John and Carol remained patient. They started functioning like a family, and Amanda slowly accepted her father wasn’t leaving and her new mother loved her.
“It is different here,” her father says. “I have time; I’m always home. We’re able to bond more.”
Amanda saw a therapist, and in time she shared with her parents what those three-plus years had been like and how they had hardened her.
“I really think that emotionally she suffered more than physically,” Carol says today.
Carol remembered watching her stepdaughter run and in the seventh grade urged her to join a cross-country team. Suddenly, Amanda was part of a team and felt a sense of accomplishment when she ran, even if the entire exercise was still felt a bit foreign.
“It was weird because when I was running away from my aunt, I had a goal — I was trying to get away. But when we were training, it was like, ‘Why are we running in circles?’ ” she says.
But she started winning some races, and her parents began seeing a future. Running brought a certain freedom. She could channel her feeling and assert herself in a way that wasn’t always easy when standing still.
“Watching her grow as a runner was fun,” says Michelle Phife, her former cross-country coach in Fayetteville. “I could challenge her with pretty much anything, and she could rise to it. She’s not scared of anything.”
Agana has not spoken to her aunt in eight years but still hears her voice. It tells her she’s not good enough, that she’s not worthy of her home, her family, her school. On the Navy track this year, for example, she ran a personal-best 55.06 seconds in a 400-meter indoor race. But rather than celebrate, she lamented missing a program record by 0.05.
“I was so disappointed,” she says. “You have to remember, I spent nearly four years with somebody whispering in my ear that I was nothing. So my teammates were hugging me, and I had to keep reminding myself that I am something, I can be great.”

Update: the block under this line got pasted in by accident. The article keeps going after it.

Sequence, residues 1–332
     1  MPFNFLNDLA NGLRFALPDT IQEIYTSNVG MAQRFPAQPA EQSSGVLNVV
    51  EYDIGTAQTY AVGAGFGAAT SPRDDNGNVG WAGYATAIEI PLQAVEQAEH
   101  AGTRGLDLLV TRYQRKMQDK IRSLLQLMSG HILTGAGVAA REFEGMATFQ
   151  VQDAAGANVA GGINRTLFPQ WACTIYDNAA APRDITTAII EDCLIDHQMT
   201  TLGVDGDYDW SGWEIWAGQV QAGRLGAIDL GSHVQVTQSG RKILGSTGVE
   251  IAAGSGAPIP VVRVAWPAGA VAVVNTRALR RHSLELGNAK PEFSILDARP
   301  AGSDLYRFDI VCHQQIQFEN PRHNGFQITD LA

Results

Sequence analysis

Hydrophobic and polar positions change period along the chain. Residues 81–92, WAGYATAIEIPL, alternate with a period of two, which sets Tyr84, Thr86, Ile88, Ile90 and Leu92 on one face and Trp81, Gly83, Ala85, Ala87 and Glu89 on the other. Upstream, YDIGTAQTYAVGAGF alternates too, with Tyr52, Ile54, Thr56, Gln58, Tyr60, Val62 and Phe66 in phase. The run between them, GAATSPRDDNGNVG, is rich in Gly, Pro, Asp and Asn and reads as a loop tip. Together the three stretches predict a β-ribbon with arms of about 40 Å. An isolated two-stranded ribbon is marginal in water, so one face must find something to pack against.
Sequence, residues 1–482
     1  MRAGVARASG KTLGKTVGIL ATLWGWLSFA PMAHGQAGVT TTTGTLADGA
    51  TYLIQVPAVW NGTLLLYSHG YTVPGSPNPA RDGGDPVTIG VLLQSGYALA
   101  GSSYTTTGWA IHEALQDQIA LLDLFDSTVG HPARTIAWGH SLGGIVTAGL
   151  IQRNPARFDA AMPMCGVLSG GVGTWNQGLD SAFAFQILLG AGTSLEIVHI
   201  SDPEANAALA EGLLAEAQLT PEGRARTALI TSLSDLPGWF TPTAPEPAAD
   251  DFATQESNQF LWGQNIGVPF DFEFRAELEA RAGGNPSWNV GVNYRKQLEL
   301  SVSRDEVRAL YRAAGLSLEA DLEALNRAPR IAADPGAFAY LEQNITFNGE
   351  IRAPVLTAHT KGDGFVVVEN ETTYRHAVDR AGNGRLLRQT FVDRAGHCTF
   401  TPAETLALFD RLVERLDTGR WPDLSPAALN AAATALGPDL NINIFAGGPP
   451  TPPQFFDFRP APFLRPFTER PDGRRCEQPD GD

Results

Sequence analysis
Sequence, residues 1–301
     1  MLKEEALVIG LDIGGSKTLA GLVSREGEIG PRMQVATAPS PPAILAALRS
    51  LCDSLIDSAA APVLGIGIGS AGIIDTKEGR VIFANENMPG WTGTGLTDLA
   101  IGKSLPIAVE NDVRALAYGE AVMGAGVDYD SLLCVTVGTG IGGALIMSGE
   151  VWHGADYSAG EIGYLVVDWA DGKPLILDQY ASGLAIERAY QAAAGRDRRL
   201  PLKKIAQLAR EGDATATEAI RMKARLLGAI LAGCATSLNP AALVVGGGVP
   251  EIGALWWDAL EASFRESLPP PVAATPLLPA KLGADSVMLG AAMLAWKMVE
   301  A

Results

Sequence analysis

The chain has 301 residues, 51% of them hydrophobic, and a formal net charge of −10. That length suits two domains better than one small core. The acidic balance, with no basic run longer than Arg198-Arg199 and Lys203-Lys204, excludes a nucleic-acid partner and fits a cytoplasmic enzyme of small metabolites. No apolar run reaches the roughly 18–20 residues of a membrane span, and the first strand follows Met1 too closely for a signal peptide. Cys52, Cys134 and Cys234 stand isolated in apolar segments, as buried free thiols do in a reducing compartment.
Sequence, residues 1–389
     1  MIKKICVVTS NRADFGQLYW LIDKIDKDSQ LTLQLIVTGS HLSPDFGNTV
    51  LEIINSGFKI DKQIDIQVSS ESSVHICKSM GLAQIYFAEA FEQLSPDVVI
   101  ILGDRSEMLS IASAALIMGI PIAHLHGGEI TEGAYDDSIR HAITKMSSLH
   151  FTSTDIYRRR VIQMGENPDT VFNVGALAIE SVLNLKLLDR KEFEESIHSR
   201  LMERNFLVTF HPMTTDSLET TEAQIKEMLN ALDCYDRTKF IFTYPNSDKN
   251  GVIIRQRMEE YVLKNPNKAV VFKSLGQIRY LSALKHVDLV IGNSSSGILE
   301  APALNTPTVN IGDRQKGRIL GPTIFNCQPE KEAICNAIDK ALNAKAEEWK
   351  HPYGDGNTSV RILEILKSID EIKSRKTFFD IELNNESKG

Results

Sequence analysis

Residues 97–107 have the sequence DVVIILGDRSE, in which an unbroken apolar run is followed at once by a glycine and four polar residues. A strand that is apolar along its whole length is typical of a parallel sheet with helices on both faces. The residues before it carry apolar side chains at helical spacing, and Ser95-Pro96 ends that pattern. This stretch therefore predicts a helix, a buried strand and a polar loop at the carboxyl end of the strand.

Agana continues to receive counseling at Navy and still finds solace running around the track. She competes in sprints and middle distances. This month at an Army-Navy meet in New York, Agana anchored the school’s 4x100 relay team that set a program record with a time of 46.12 seconds and was part of a 4x400 team that posted the fifth-fastest school mark. Then she won the meet’s 800-meter race, posting a time of 2:13.19.
In Annapolis, Agana is a jovial presence at practices, high energy with a big personality. “People kind of flock to her, especially kids. She has a smile that draws people in,” said Jamie Cook, Navy’s director of track and field. “She has a natural charisma about her. You can tell she’s going to be a really good leader.”
She’s only a junior, which means her running career has at least another year beyond next week’s Patriot League championships. Agana calls running her “tool.”
“It’s not the end game. It’s what I need to use to get there. Yes, I can inspire people on the track, but I inspire more people by wearing this uniform,” she says. “Coming here, serving, it’s helped me find a purpose. Slowly I started getting back my soul. Serving others helps me find me.”
She hopes to return to Ghana someday, to build a school for young girls, to give them a bus they can ride each day and to help them have a better childhood than she did. She wants them to have hope. There are no tears when she shares her personal story. She draws strength from it.
“I’m not sure that Amanda is completely healed. She’ll never forget her past experiences,” her stepmother says. “That makes her who she is today.”
Agana doesn’t need reminders, of course, about how far she has come. Her history is on display at every race. Her legs have endured, and they have provided.
“For the longest time, I was super-self-conscious about my scars,” she says, “but they’re just proof and a testament that I survived. They tell me about the place where I was, the place others like me are and the places that I can still go.”